Dell PowerEdge T710

Summary: Dell's PowerEdge T710 is ideal for branch office or medium-sized business use, where performance, expandability and flexibility are key attributes.

  • Editors' rating:
    8.4
  • User rating:
    0.0
  • RRP:
    GBP £3,315.00

Pros

  • Plenty of PCIe expansion and disk capacity
  • Four Gigabit Ethernet ports
  • Supports dual hot-plug power supplies
  • Rack-mount option

Cons

  • Bulky

Dell's foothold in the server market is strongest among small and medium-sized businesses, which are the prime candidates for tower-format servers such as the PowerEdge T710. Enterprises make use of towers too, especially in branch offices where rack-mount facilities are often absent. The T710 therefore boasts a number of enterprise-level manageability and software features, just like its rack-mounted sibling, the R710.

The PowerEdge T710 supports two Xeon 5500-series processors and up to 144GB of RAM. Our review sample came with 12GB of 1,066MHz DDR3 RAM in six 2GB DIMMs

The T710's six PCIe slots (two PCIe x16, four PCIe x8), 18 DIMM slots with 144GB maximum RAM, and dual Intel Xeon 5500 (Nehalem) processors have more space to breathe in the larger tower case, which means that Dell has been able to use larger 90cm fans. Bigger, slower-rotating fans mean less noise — although you still wouldn't want one of these boxes under your desk.

The key features on the front panel are a diagnostic LCD, which normally glows blue but turns red when warning of a fault, a reset button and a pair of USB ports, which are useful for plugging in a keyboard and mouse for occasional manual configuration.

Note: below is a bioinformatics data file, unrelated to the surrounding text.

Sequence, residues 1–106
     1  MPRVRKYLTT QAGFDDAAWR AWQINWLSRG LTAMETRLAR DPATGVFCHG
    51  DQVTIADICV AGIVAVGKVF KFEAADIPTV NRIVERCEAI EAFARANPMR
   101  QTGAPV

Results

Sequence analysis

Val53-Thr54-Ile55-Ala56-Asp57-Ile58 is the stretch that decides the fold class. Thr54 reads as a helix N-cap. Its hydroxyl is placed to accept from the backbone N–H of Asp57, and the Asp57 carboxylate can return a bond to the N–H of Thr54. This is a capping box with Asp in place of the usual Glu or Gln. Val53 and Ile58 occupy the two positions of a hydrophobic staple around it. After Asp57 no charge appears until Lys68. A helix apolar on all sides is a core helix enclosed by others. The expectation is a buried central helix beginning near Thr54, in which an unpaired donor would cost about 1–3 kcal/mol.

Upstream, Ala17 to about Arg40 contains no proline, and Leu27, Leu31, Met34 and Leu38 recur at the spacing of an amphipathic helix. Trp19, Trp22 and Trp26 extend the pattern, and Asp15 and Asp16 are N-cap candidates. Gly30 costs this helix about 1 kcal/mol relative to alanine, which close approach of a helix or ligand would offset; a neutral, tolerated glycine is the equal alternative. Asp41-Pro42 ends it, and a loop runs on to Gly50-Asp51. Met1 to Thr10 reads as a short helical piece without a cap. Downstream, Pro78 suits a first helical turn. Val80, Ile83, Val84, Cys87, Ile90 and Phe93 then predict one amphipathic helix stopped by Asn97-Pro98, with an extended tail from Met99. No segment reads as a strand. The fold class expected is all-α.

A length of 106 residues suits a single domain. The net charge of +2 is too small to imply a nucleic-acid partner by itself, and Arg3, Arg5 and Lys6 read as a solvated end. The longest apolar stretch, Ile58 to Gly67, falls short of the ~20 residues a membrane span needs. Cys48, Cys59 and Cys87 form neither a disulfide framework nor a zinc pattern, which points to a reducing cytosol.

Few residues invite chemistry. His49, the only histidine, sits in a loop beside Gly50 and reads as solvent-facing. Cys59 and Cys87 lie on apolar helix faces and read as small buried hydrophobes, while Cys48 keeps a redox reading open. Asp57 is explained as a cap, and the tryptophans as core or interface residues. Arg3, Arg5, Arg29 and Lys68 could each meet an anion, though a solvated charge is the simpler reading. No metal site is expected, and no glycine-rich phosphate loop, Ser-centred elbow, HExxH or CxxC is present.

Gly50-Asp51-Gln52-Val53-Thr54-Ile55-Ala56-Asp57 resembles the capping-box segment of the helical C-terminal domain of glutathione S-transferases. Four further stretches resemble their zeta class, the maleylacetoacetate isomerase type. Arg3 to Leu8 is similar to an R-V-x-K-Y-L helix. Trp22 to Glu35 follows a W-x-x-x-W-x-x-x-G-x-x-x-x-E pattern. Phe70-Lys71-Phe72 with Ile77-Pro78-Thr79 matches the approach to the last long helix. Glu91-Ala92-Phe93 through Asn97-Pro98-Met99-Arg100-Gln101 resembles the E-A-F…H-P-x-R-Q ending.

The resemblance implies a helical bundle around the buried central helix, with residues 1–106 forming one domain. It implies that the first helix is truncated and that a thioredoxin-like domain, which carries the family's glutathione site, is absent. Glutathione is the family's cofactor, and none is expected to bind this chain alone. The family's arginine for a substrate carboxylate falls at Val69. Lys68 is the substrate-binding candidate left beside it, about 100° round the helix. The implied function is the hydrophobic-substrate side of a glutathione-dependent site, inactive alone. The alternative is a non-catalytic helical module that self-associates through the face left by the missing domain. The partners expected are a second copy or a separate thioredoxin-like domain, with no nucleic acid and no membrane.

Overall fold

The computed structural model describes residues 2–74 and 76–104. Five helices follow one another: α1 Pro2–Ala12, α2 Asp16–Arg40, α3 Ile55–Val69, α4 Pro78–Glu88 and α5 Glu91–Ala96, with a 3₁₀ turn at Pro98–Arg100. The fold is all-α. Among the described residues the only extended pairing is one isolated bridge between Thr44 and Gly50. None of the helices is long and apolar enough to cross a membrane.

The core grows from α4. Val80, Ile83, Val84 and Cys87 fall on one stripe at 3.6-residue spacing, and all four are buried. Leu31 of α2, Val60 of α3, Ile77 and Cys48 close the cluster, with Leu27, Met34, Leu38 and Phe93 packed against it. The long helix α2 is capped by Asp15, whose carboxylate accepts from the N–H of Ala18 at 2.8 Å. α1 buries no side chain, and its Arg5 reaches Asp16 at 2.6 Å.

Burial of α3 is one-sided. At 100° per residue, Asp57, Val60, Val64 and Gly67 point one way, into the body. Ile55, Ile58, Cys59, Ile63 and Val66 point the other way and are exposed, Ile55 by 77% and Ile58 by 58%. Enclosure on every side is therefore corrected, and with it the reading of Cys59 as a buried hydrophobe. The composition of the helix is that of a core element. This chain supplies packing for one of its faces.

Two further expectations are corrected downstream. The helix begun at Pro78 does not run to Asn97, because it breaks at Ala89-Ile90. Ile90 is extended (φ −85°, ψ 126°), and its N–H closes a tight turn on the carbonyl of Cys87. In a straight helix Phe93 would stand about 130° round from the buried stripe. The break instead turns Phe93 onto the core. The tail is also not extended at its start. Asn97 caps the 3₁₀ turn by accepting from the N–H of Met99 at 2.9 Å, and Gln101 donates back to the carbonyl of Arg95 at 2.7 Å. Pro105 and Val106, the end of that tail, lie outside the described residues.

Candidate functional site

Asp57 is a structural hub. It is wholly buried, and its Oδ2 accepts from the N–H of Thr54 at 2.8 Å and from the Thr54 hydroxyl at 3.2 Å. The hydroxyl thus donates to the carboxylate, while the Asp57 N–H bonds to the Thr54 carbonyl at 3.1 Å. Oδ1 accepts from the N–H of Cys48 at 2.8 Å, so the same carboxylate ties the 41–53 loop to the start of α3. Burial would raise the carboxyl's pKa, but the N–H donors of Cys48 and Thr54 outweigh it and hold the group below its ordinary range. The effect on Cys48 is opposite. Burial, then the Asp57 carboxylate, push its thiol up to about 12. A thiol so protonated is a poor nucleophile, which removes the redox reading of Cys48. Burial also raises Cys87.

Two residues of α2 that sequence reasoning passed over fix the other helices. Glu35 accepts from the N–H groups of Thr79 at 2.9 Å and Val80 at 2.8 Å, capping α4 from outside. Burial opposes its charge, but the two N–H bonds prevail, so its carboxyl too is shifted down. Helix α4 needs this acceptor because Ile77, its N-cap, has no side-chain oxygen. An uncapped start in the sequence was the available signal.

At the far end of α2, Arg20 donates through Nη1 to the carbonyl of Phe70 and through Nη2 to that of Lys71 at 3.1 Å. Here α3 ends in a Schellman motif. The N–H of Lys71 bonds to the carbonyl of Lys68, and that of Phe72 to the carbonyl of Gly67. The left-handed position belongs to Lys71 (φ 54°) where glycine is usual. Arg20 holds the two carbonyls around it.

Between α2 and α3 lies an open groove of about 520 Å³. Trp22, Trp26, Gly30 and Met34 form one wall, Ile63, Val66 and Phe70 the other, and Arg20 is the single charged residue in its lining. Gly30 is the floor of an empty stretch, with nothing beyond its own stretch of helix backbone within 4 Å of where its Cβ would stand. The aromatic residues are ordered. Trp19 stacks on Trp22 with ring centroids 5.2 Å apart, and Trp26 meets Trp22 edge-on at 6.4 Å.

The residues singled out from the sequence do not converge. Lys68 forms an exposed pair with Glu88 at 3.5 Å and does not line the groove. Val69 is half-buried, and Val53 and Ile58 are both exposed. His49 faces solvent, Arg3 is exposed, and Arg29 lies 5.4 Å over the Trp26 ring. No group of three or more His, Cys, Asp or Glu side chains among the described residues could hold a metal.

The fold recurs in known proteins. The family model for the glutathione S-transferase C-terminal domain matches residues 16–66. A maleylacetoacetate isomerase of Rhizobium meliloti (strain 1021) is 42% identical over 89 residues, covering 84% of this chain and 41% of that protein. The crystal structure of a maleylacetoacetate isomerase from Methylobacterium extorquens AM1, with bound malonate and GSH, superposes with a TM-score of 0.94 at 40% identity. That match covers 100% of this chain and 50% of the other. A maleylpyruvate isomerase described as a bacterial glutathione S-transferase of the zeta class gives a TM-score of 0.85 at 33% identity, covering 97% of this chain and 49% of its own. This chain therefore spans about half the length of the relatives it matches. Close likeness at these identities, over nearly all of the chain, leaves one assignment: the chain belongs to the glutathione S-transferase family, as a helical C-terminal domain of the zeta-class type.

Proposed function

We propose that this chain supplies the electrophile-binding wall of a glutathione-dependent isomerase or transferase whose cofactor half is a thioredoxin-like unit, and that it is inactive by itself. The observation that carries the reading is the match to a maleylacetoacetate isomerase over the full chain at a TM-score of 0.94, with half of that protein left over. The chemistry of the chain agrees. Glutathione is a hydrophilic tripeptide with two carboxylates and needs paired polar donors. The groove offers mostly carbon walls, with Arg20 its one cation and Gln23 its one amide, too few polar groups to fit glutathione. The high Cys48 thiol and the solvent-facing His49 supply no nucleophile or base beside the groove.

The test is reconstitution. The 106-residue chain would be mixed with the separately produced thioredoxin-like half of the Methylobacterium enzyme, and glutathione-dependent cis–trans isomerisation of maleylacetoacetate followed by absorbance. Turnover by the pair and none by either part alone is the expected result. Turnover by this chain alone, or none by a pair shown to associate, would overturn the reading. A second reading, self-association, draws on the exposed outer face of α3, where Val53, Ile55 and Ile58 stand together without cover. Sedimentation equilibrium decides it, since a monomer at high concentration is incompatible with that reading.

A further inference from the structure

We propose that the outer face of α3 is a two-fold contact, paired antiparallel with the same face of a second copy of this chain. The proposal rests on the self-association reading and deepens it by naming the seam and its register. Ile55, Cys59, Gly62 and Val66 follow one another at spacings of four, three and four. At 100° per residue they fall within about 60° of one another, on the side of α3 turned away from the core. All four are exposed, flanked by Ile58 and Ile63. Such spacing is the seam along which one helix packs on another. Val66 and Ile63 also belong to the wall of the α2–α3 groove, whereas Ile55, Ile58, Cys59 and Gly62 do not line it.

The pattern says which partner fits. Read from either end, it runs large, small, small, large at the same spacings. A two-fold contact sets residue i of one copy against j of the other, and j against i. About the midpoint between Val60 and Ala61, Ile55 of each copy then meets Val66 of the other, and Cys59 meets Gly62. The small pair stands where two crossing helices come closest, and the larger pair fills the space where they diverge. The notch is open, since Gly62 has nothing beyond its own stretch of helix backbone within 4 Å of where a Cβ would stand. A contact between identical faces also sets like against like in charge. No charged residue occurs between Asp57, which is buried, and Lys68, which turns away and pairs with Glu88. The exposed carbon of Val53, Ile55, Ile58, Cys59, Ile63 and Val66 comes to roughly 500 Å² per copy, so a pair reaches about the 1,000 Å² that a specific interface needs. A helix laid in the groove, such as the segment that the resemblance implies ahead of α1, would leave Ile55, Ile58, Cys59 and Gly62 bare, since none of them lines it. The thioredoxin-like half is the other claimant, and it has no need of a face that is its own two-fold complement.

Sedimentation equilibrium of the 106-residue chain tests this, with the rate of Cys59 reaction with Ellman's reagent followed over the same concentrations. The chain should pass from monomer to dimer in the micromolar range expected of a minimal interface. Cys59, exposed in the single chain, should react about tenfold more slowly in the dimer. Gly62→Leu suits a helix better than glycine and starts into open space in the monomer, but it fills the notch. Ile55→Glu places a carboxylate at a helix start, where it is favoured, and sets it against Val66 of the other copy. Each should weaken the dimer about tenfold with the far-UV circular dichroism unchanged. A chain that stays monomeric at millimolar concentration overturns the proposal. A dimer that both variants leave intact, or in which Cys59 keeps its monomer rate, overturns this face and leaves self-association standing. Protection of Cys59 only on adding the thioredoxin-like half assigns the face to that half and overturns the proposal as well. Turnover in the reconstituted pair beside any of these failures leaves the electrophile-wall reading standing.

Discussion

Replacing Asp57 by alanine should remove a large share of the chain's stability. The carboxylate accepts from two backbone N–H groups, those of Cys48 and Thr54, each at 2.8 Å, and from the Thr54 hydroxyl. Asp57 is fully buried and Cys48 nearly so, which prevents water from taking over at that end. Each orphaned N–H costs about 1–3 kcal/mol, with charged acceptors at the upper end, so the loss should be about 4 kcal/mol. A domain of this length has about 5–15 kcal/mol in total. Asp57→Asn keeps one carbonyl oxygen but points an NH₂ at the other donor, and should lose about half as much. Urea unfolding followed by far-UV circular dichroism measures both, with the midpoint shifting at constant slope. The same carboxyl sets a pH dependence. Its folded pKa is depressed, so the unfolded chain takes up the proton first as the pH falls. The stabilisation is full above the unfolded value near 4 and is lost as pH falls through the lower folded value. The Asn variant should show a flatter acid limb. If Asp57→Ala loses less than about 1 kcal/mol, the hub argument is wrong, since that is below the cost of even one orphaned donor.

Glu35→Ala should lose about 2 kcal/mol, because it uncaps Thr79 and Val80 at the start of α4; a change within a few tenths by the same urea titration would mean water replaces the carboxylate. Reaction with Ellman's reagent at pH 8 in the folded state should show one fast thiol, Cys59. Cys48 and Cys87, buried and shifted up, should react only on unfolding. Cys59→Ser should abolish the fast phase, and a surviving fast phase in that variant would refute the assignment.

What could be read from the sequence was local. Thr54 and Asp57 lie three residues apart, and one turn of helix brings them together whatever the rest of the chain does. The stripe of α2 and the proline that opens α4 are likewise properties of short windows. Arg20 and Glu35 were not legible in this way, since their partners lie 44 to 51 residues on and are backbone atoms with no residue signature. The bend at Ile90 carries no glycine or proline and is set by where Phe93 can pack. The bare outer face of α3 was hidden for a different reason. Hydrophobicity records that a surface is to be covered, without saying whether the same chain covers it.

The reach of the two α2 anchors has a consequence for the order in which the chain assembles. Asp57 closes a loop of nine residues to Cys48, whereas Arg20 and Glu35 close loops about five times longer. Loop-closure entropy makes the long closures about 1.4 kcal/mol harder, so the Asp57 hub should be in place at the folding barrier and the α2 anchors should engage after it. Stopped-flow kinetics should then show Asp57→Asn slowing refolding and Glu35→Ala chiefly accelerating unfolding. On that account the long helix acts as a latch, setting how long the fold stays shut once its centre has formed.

Internal components are easy to remove and replace, thanks to Dell's colour-coded latches.

The server can optionally include a pair of 1100W hot-pluggable power supplies — our review sample included only one — plus up to 16 hot-plug 2.5in. 146GB 10,000rpm SAS drives that sit behind the removable front panel. This configuration will provide a maximum of around 2.3TB: our review sample came with eight RAID 5-configured drives, providing around 1TB of storage. However, because tower servers are more likely to house their own rather than rely on external storage, you can install a 3.5in. drive cage that will allow up to 8TB to be installed.

Four Gigabit Ethernet NIC ports sit in the rear panel, along with a remote management network port and an SD slot: all are identical in function to those of the rack-mount edition.

Inside, a plastic shroud guides air over the memory and CPUs. Unlatch it, and the pair of Xeons with the Intel 5520 chipset dominate the motherboard. Behind them, from an airflow point of view, sit a quartet of hot-pluggable fans venting to the rear.

Everything is straightforward to remove and replace, thanks to Dell's colour-coded latches, and we found it easy to configure and use the system. This 35kg server with its swing-out feet feels solidly built and, if usage patterns or the environment change, you can buy a rack-mount kit to convert the T710 into a 5U system.

The PowerEdge T710 is ideal for branch office or medium-sized business use, where performance, expandability and flexibility are key attributes — and where downtime due to hardware failure is not an option.

 

Topics: Servers, Reviews

About

Editor, journalist, analyst, presenter and blogger. As well as blogging and writing news & features here on ZDNet, I work as a cloud analyst with STL Partners, and write for a number of other news and feature sites. I also provide research and analysis services, video and audio production, white papers, event photography, voiceo... Full Bio

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